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Cannabis Businesses Back Ballot Initiatives

Sweet Flower’s Tim Dodd said illegal operators cut into legal market share. Photo by Ringo Chiu.

Cannabis is on the ballot in six Los Angeles-area cities this November.

Voters in Commerce, Calabasas, Hawthorne, Costa Mesa, La Habra and Laguna Woods will decide on initiatives establishing, expanding or laying the groundwork for legal local cannabis sectors.

None of the individual ballot measures would constitute a sea change in the cannabis industry. Taken together, however, they represent a push toward broadening the L.A.-area’s legal marijuana market.

These moves, spurred on in part by the Covid-19 pandemic, could have a subtle — but significant — impact on the local industry.

In Los Angeles County, Calabasas and Hawthorne currently prohibit marijuana businesses. The ballot measures in those cities would approve taxes on future cannabis companies — a key precursor to establishment of a legal industry.
Commerce residents will vote on six measures that would support the growth of cannabis businesses in the city.

In Orange County, Costa Mesa and La Habra will decide whether to establish and tax retail cannabis sectors in their cities for the first time, although La Habra’s measure would only permit delivery businesses.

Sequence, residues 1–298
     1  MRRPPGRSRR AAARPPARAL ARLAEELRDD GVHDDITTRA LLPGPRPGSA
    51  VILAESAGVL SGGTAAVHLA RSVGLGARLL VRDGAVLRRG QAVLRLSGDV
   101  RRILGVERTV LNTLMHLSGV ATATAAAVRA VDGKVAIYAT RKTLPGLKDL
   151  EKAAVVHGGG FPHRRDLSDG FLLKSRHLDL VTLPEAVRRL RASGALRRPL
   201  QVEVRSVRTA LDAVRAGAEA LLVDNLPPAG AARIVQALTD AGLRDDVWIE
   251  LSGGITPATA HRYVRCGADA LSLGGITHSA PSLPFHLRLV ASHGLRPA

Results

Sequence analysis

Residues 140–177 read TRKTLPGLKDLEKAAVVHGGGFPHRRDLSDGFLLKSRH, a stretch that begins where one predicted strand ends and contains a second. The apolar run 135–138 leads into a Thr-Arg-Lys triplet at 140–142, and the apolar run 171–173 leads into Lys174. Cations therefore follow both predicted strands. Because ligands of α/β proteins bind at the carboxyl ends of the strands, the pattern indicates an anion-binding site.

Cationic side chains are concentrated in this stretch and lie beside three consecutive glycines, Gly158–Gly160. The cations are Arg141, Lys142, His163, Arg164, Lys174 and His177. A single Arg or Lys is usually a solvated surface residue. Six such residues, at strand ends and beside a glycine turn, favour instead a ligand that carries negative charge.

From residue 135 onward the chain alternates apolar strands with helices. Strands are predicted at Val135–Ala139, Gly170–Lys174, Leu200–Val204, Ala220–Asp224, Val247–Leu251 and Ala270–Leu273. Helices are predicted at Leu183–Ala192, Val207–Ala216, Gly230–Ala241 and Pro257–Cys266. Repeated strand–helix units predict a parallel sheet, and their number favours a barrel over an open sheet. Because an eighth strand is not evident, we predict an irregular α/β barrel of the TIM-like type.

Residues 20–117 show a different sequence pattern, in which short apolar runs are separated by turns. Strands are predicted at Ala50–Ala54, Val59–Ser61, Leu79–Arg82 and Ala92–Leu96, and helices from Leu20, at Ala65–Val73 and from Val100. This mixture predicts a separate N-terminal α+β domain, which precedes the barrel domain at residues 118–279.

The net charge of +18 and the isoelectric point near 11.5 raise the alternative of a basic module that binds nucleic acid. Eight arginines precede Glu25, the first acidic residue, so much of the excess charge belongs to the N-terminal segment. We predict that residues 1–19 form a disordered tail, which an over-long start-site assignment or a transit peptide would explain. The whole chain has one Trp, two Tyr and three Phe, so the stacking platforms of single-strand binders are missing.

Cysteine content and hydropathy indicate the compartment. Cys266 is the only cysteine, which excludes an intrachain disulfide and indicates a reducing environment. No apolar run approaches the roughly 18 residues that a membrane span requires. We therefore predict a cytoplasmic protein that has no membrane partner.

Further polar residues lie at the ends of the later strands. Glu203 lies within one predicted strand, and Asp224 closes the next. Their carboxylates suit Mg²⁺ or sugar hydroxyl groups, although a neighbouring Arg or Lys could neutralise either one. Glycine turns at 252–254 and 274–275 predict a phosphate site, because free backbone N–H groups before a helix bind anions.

Voters in Laguna Woods, which currently prohibits all commercial cannabis businesses, will cast their ballots on a nonbinding measure that asks if they support the future establishment of retail cannabis businesses in the city.

This patchwork of regulatory systems and often slow-moving, incremental change are persistent features of California’s legal cannabis market.

“When I look at the state of California, the number of cities online really represents the true addressable market,” said Sturges Karban, chief executive of cannabis logistics company ManifestSeven Holdings Corp. “There is a lot of fragmentation and a very small market size overall because few cities have allowed (commercial cannabis).” Unlike other commercial U.S. cannabis markets, such as Colorado or Washington, California’s model delegates most of the authority in cannabis decision-making to local governments.

To Read The Rest Of This Article By James Cutchin on Los Angeles Business Journal

Published: October 19, 2020

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